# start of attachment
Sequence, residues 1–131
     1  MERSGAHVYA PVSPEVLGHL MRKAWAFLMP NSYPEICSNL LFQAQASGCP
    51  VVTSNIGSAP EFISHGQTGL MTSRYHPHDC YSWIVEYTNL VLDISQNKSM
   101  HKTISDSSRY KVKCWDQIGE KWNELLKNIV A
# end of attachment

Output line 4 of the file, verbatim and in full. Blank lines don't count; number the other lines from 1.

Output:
   101  HKTISDSSRY KVKCWDQIGE KWNELLKNIV A